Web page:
I don't know if GitLab is the only free opensource web interface to the Git software system, but it's the only one I know about today. If I'm wrong, sorry. GitLab does for Git what Webmin does for Linux. I have not found GitLab-CE an easy thing to install+run, in fact I have botched an installation for GitLab in the past and while uninstalling it I screwed up my entire server. I'm blaming my trust of outdated blogs for the failure to install and get it to work correctly. I'm also blaming my own impetuous rush to uninstall it and everything it touched. I have had other less catastrophic failures trying to install and run it. I'm not sure where I got the "how-to" when I devastatingly loused it all up, but these are the sources I'm following this time:
- A guide for simple install and run
- Guides for Secure setup install and run
I like the How To Forge the best, but it assumes an NGINX web-server, but I only want to run Apache on my main stack; a.k.a. the machine depicted in all the other videos and text of this site. While trying to get the GitLab to work on my current server, I had my Apache system go sideways a bit on me, so you will read about an installation of GitLab done on another internal server that doesn't have remote access on the web at this time. When it comes to security it doesn't get more private than that, so I will be skipping any/all SSL portions found in any of the other instructions.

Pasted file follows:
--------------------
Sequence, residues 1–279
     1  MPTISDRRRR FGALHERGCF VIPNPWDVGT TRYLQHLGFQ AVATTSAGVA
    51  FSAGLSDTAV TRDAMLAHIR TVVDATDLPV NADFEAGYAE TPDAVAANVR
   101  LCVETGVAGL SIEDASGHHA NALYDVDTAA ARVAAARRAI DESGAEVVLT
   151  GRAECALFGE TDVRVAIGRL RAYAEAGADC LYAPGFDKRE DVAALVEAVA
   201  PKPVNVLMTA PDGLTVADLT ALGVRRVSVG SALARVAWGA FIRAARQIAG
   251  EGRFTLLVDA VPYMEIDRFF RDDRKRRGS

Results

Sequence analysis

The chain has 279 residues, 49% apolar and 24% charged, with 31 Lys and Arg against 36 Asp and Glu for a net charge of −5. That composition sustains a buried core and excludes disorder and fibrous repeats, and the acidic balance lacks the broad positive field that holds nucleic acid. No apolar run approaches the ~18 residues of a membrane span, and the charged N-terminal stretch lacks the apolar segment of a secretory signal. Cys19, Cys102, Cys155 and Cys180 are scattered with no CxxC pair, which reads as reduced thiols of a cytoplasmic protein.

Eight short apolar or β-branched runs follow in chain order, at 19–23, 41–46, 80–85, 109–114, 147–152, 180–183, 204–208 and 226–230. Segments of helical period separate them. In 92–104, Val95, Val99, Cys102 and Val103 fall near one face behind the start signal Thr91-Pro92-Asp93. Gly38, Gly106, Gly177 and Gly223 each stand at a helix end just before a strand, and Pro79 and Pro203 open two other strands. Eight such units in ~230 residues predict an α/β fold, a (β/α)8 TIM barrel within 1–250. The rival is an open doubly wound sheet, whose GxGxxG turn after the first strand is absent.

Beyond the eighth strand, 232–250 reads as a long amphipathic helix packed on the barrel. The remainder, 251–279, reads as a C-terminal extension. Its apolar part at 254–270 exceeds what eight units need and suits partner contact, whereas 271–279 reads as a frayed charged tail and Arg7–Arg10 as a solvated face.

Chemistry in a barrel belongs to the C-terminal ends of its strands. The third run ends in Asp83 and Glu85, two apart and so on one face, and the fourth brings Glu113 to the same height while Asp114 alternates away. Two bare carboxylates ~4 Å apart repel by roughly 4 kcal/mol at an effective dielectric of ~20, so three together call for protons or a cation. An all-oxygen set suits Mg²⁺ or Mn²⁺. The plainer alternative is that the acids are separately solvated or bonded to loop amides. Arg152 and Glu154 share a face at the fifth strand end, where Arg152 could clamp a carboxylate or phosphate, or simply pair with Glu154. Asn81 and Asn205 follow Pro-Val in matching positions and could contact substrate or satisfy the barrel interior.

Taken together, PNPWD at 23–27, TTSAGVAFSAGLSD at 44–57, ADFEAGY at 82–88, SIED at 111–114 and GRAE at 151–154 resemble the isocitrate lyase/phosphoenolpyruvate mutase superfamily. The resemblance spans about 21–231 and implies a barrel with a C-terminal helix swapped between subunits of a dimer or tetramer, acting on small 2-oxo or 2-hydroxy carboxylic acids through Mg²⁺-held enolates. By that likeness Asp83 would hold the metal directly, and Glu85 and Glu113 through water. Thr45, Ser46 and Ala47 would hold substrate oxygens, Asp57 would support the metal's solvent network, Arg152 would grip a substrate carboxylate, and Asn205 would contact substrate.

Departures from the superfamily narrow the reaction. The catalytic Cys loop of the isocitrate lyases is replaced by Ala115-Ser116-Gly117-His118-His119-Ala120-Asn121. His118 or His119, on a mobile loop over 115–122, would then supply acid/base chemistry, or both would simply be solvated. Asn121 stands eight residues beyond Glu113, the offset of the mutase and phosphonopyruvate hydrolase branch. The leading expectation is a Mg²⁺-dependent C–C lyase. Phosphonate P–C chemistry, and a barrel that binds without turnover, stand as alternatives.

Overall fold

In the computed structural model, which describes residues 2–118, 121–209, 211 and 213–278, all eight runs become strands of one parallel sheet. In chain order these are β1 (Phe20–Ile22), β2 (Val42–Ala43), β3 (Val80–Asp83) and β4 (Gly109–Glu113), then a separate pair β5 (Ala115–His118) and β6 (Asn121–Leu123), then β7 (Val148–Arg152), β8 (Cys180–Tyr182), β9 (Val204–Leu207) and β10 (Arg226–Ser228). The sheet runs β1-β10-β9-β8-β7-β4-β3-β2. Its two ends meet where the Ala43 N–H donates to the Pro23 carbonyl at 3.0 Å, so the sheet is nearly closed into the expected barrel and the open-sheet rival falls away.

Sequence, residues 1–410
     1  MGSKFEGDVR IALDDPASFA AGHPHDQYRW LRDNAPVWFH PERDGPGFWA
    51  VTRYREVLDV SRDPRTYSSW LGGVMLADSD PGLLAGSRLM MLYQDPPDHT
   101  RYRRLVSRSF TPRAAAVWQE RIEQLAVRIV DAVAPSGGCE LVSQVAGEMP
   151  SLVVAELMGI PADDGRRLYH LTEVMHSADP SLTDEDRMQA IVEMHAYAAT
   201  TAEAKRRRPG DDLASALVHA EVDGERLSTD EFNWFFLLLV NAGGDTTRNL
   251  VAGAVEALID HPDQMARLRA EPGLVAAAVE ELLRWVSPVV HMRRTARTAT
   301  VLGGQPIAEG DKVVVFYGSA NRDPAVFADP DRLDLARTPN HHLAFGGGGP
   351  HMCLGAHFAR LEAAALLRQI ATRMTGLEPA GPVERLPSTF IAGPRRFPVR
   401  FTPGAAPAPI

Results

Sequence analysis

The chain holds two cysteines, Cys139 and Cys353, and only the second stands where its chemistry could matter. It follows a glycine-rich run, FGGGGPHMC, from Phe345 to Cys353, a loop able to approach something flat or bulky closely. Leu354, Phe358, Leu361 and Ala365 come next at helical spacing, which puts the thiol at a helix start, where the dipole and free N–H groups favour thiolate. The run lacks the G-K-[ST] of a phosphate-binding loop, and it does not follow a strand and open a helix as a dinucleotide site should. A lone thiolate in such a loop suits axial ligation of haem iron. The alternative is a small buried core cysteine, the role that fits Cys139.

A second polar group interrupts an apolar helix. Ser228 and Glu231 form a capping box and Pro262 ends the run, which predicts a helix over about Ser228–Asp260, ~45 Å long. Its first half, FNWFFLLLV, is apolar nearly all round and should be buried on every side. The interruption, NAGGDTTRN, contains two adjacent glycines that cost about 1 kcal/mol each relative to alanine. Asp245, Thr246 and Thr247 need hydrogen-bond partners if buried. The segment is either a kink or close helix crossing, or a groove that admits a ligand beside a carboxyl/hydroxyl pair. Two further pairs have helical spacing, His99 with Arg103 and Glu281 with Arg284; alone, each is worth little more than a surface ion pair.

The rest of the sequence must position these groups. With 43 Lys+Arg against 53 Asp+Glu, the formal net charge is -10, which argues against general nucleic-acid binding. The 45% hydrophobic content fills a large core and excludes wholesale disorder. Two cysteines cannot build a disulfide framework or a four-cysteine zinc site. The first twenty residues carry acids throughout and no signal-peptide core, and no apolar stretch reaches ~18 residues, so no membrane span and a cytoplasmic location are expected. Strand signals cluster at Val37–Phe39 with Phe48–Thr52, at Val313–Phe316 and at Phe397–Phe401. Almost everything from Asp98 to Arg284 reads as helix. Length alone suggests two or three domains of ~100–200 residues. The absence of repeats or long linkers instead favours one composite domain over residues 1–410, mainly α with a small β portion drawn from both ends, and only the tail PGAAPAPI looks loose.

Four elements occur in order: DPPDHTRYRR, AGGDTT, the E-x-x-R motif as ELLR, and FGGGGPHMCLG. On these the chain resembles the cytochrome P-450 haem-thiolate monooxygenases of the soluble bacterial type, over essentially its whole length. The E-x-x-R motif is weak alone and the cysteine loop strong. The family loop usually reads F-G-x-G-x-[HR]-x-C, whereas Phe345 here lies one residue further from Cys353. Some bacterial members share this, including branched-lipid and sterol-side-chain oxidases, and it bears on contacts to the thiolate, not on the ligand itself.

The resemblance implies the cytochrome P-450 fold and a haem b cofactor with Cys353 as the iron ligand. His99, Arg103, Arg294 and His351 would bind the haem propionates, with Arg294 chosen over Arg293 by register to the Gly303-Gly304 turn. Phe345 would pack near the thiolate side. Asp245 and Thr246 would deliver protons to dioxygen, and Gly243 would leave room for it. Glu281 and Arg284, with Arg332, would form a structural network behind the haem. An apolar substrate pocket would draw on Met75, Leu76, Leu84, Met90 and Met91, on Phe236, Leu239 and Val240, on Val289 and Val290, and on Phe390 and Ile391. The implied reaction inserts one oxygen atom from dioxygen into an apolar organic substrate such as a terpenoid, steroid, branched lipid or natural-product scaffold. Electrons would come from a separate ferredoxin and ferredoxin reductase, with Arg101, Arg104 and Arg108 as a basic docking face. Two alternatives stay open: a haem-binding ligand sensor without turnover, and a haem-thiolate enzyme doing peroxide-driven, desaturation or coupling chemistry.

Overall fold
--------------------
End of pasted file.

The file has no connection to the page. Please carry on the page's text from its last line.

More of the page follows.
First I do a minimalist server install like the one I've shown in Install Your Distro to Build Your Base Server, but skip the LAMP option in the Ubuntu server install procedure and omit the entire Webmin install shown after that. During initial server set-up I only select the
standard system utilities, and
OpenSSH server packages. After that finishes, I prepare the platform for GitLab using a command line interface.
At about 5:07 in the video I indicate that GitLab preferred NGINX. That is a false statement. GitLab doesn't need Apache or NGINX.
Here's what you do to prepare the platform on that minimalist server install
In a Terminal execute the following to prepare for GitLab:
ssh<root user name>
@<localhost machine name>e.g.
Start here if you have an American Power Conversion—Uninterruptible Power Supply:
sudo apt-get -y install apcupsd
sudo cp /etc/apcupsd/apcupsd.conf /etc/apcupsd/apcupsd.conf.bak
- Edit the following file according to your needs (see also)